While this may sound like the tired beginning of any dime store dystopian thriller, it's actually a description of what I experience every morning as I descend into the underworld of the Oakland public transportation system.
During the long, arduous commutes of our hyper-industrialized world, it's hard to walk more than a few steps without feeling crushed by technology — talking watches and self-driving cars make you think, "Wait... is this real life or a sci-fi novel?" We so readily accept this booming technological metropolis as the norm, and yet, we know so little about where it is all going. The consequences.
If you have similar strands of thought, you are not alone. People have been asking these questions for decades (centuries even!), and many have put those thoughts into writing. Enter the genre of: The Dystopian Novel. These books, which cover every societal issue imaginable, grapple deeply with these questions of humanity (i.e., Where is this all going? What does humanity mean? What if it all fails, miserably?). These author's daring imaginations give us space, and permission, to pause and wonder. But more than that, they give us hope. Hope that we can be strong enough to make the right decisions for ourselves and our future.
I recommend picking up one of these books for your morning commute — at the very least, it will give you something to talk about by the watercooler at work. And, if you order them on Amazon, you can get free shipping.
There’s no book that will make you value books more than Fahrenheit 451. Written in a heavy-hitting prose that moves, unflinchingly, from action to emotion to long poetic monologues — this book is always on the run. The dystopian world it contains is set in a near-future, where society has turned against books because of all the conflicting (and therefore existentially confusing) information they contain. And it resembles our own era of 2015 a little too eerily: a society of people who spend all day sitting in rooms constructed of television screens, participating in their favorite programs and wearing little musical shells in their ears whenever they are faced with being alone in the "real world." The problem? Outside of the bubble of their city, war rages. And, despite all that they do to distract themselves from the sadness of thinking, no one seems particularly happy.
If you're looking for a really dynamic and intriguing narrator, look no further. Written in an epistolary form as a series of journal entries, letters and freaky emails, this dystopian soon-to-be-classic is set in the mid-2000s. Technology has overrun human relationships in ways that feel particularly close to home: People wear their phones like necklaces (ahem, Apple Watch, ahem) and run around live-streaming their days, rating the "hotness" of the people around them (Tinder, anyone?), and completely ignore the geopolitical conflicts that rage around them. Read this one if you've been feeling especially creeped out by your social media addiction recently... and then delete everything.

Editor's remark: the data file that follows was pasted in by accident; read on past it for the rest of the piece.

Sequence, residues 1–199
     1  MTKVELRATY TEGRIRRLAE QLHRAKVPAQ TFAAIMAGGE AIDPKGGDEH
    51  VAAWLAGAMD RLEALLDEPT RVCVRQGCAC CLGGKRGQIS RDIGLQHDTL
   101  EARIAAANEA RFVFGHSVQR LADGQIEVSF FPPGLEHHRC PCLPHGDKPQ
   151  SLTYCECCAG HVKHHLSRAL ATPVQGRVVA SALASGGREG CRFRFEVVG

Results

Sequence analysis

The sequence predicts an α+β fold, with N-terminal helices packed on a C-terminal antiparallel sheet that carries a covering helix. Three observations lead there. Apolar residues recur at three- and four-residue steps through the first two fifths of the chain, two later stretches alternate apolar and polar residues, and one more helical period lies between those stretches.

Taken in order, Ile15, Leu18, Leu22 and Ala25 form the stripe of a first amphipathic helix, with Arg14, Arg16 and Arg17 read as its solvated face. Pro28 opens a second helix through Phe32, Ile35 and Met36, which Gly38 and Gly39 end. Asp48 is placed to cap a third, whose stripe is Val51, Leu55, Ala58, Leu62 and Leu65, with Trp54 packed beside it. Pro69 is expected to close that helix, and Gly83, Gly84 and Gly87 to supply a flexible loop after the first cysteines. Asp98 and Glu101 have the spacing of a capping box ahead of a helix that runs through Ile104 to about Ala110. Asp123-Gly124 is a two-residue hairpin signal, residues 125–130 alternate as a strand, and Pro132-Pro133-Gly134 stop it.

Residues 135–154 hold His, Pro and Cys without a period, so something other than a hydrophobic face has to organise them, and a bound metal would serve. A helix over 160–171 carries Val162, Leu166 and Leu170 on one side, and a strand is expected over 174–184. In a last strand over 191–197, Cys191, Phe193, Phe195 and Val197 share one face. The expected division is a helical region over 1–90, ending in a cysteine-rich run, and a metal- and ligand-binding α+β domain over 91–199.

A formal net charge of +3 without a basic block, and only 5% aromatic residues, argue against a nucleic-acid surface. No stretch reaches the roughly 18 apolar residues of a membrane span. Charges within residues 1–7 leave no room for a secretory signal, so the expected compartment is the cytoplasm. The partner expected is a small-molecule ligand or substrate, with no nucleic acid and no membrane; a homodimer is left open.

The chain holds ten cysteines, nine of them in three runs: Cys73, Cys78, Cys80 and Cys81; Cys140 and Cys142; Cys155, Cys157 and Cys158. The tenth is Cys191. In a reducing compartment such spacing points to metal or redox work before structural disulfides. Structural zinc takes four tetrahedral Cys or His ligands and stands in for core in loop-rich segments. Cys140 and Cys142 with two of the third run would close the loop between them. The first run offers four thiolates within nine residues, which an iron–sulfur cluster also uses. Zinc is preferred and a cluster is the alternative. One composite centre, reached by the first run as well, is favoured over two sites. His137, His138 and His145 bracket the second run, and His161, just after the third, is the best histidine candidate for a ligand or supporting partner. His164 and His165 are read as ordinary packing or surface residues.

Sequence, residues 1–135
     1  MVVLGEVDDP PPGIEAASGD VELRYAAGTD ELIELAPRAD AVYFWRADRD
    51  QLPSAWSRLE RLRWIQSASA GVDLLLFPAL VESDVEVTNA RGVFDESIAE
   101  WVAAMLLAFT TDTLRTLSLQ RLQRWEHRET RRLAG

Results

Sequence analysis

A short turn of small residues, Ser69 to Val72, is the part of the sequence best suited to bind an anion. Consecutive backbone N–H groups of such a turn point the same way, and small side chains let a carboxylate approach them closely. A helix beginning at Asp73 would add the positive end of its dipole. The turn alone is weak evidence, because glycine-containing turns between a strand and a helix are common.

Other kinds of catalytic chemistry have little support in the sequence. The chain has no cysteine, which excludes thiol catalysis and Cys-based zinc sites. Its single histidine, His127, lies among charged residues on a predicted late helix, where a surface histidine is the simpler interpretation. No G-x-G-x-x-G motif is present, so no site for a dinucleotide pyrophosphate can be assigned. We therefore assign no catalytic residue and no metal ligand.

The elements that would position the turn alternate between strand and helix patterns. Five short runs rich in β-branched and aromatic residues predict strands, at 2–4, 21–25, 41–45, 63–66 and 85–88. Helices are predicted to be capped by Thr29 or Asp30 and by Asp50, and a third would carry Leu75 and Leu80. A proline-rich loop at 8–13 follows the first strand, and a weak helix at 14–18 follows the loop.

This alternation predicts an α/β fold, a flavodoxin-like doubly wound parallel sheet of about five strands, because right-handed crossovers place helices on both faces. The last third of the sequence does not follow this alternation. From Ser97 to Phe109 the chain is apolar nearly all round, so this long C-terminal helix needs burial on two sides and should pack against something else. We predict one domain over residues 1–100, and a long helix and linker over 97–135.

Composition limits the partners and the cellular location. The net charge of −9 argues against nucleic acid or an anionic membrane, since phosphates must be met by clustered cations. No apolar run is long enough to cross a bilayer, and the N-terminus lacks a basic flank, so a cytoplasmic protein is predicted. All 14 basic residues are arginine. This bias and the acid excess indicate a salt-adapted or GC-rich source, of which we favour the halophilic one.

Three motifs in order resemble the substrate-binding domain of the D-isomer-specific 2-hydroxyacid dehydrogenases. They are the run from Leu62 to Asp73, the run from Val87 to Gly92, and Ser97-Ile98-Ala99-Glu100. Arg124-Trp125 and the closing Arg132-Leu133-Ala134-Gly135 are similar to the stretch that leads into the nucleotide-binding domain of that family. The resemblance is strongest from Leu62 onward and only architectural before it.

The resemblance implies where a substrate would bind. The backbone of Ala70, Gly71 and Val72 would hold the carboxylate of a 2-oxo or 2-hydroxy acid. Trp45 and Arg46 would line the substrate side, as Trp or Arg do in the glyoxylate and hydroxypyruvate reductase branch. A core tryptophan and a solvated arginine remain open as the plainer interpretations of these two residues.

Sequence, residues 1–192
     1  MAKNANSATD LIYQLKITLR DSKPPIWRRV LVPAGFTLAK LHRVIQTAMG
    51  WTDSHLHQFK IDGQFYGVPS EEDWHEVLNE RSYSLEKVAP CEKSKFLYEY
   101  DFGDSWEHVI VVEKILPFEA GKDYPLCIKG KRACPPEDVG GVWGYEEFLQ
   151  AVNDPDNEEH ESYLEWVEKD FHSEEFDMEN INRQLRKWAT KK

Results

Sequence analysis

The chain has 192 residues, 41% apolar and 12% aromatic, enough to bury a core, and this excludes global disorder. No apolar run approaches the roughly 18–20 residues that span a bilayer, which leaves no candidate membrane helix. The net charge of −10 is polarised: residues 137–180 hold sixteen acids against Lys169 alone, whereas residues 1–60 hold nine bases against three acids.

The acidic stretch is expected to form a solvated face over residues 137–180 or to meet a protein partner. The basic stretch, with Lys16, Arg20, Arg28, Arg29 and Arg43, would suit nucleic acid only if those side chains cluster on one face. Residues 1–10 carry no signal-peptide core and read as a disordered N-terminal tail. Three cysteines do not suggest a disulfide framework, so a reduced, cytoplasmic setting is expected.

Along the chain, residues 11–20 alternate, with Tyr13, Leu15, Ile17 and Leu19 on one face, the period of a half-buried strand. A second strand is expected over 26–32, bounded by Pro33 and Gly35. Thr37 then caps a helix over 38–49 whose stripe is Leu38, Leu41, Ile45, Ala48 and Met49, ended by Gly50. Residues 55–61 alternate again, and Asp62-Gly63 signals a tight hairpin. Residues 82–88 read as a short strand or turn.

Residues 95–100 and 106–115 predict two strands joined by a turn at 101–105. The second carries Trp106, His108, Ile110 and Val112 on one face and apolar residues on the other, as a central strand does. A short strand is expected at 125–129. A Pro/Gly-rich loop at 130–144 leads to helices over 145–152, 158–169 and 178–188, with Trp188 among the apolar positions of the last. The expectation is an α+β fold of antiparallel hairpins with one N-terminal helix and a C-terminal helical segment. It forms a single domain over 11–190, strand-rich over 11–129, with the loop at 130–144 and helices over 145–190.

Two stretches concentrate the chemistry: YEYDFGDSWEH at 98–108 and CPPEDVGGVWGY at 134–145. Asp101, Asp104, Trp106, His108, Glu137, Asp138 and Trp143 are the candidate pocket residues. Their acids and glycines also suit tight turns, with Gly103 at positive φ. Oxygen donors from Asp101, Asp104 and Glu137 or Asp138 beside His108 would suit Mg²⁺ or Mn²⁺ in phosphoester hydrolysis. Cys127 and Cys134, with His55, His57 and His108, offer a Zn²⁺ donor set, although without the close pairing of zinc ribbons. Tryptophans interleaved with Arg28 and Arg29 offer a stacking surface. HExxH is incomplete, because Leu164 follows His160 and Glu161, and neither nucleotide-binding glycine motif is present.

An old school parable taken to new school levels: This dystopian classic sets its sights into a complex analysis of power and shows how well-intentioned systems of governance (ahem, communism, socialism) can be corrupted by politics and turn fascistic. Though the story features a society of animals living on a farm, it's rare to read a story that feels so human. We watch as the pigs incite rebellion against the farmers, declare equality for everyone and then swiftly become a maniacal and power-hungry monopolistic elite. This book asks some big questions about community and human nature. It's also always fun to read about talking animals, particularly when their struggles resonate so deeply.
Ursula K. Le Guin is a dystopian-novel-writing master with nearly 25 books to her name — many of which have racked up some serious awards. This particular one, The Dispossessed, has taken home three major literary awards and has never been out of print since its pub date in the late 1970s. It is an intergalactic novel that flashes back and forth between different planets, and we travel along with a physicist named Shevek as he explores the human differences between socialism and capitalism and ultimately makes a case for the strength of anarchism within humanity. Fierce characters and expertly explored moral questions mark this book as a tour de force.
You've probably heard of the film adaptation of this class novel — Jack Nicholson is hard to forget, especially when he does his crazy eyes. Whether or not you've seen the film, I highly recommend reading the book. Kesey is a master at writing steadily beating prose that catches you unaware — that hooks you in and holds you tight. Written in the late 60s as a commentary on our newly minted societal conceptions of mental illness, One Flew Over The Cuckoo's Nest strives to complicate our narrow understandings of normalcy. The book is narrated by a mute patient in a psyche ward — a big guy dubbed "Chief" — which is the perfect vantage point, given that people assume he lacks intelligence and ignore him. This provides us with total access to all the goings-on that occur in the hospital. I challenge you to read this book and to then think really critically about what it has to say about how we treat each other — and ourselves.
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